Stray Cheerios beware. The new Honda Odyssey minivan is here -- and it has a built-in vacuum cleaner.
Honda Motor Co. showed off its updated Odyssey minivan Tuesday evening ahead of the New York International Auto Show. The 2014 Odyssey -- last redesigned in 2011 -- has a richer, more chiseled look, chrome-trimmed fog lights and other premium features.
But HondaVAC, the hand-held vacuum integrated into the cargo area, will likely be its most talked-about feature. Honda says it's the first to offer this family-friendly tool, which it developed with heavy-duty vacuum maker Shop-Vac. Honda's system includes nozzle accessories and a hose that can reach every corner of the vehicle. It doesn't need an outlet for recharging, and can work continuously when the motor is running -- or for up to eight minutes when the van is turned off.
Honda says the vacuum will be standard on the most expensive version of the Odyssey, and it will announce availability on other versions later.
Tami Giammarco, lead engineer on the van's interior, said the vacuum idea came from the daughter of an engineer who saw how frustrated her father was when kids made a mess in his van. "'Dad, you need a vacuum in here,'" she told her father, Giammarco said.
Minivan sales could use a jolt. They peaked at 1.4 million in 2000, but have fallen rapidly since as buyers shifted to popular crossover wagons like the Honda CR-V and Toyota RAV4. U.S. minivan sales totaled 540,188 last year.
Still, sales outpaced the industry average last year, and should grow even more this year when Ford Motor Co. rolls out its first minivan since 2006, the Transit Connect Wagon. And if Generation Y buyers in their late 20s and early 30s choose a minivan as they start families, business could boom.
Honda is eager to be part of the action. So far this year, the Odyssey is the third-best selling minivan in the U.S., behind the Toyota Sienna and the Dodge Caravan. Excluding sales to fleet buyers such as rental car companies, Honda is No. 1, said Mike Acavitti, senior vice president of marketing for American Honda.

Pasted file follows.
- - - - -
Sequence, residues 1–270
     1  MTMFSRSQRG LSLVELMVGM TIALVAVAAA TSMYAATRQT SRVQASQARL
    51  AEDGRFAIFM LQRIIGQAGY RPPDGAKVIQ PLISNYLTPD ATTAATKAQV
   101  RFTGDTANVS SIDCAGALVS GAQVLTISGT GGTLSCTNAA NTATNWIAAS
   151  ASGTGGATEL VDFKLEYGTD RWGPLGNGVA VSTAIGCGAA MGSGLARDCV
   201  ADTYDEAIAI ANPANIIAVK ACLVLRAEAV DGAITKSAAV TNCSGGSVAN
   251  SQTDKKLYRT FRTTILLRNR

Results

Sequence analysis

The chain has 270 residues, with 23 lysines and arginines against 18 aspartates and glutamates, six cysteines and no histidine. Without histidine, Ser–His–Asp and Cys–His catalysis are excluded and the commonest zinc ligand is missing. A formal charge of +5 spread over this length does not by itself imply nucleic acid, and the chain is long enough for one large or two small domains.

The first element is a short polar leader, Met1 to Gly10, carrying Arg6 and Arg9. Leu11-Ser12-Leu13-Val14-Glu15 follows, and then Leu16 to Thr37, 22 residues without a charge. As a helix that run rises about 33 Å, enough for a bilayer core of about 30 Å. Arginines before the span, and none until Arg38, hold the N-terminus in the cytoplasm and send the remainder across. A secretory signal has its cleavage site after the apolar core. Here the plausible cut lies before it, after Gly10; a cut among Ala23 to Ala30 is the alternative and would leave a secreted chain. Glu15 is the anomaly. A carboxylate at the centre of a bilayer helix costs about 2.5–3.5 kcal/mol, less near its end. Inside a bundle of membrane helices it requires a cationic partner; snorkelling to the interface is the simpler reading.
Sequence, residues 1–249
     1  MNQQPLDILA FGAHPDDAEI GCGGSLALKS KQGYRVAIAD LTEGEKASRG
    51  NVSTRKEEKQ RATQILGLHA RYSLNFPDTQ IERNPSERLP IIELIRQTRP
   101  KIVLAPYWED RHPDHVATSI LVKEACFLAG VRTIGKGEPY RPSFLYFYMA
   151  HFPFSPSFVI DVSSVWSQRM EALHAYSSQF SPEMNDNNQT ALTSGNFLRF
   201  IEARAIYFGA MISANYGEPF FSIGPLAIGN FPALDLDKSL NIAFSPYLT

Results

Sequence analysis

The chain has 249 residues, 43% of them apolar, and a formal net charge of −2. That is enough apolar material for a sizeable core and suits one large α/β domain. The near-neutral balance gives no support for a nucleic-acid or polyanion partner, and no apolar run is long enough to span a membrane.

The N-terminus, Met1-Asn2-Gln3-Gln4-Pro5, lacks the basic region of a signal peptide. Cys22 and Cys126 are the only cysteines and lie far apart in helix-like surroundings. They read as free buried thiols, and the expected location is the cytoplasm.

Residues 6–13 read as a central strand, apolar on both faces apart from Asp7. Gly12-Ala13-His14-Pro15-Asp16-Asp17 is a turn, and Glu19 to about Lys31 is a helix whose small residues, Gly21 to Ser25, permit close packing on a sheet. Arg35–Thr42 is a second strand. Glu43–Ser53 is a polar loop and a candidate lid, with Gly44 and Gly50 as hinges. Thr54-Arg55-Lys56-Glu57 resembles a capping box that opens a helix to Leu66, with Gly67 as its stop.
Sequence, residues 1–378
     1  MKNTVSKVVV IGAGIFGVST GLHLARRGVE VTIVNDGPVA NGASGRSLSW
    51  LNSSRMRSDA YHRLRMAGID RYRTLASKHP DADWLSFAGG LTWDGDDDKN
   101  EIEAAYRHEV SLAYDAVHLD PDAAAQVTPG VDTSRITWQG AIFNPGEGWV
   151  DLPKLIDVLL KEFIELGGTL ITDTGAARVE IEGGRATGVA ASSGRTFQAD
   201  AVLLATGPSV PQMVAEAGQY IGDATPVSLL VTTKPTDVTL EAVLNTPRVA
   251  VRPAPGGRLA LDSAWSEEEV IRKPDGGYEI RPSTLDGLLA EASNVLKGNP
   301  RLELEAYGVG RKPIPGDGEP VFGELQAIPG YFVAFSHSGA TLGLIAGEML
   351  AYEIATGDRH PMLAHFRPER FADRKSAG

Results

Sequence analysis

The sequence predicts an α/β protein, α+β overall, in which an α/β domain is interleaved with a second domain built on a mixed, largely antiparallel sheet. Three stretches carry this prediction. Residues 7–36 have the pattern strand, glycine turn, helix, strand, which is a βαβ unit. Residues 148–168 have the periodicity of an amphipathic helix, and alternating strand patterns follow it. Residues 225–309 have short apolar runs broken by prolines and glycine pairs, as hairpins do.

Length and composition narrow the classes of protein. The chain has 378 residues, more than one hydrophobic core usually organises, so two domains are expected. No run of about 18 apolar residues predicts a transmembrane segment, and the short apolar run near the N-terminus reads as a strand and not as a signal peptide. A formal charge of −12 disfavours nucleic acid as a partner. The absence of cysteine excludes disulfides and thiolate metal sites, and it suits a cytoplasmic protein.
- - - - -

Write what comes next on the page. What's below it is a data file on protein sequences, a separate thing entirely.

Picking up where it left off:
Acavitti said the minivan segment should keep growing because of its utility, and he expects Honda's share of the market rise with the revamped Odyssey.
"There is no more flexible vehicle," he said.
Here are more details about 2014 Odyssey:
OUTSIDE: Honda sharpened the Odyssey's looks with a more sculpted hood, two-tone mirror housings and other details. It also improved the structure so that the van can get top marks in the Insurance Institute for Highway Safety's new frontal crash test, which hits a fixed barrier at an angle. The Odyssey also has some new optional safety equipment, including forward collision and lane departure warning systems.
INSIDE: There are new materials and a new control center in the dashboard. Optional new features include keyless entry and pushbutton start and HondaLink, which connects to the driver's smartphone and plays music or reads updates from Twitter and Facebook.
UNDER THE HOOD: The 2014 Odyssey will offer the same engine as the current model: a 3.5-liter V-6 that produces 248 horsepower and gets 22 miles per gallon in combined city and highway driving. It has a six-speed automatic transmission.
PRICE: Not released. The 2013 Odyssey starts at $28,675.
CHEERS: A Honda Odyssey with a vacuum cleaner? What's not to love?
JEERS: Strategic Vision, a consulting group, says 3 percent of U.S. buyers are considering minivans these days, down from 6 percent a decade ago. There are many other family-friendly, fun-to-drive vehicles, like the Mazda CX-5 or Honda's own CR-V, that get better fuel economy.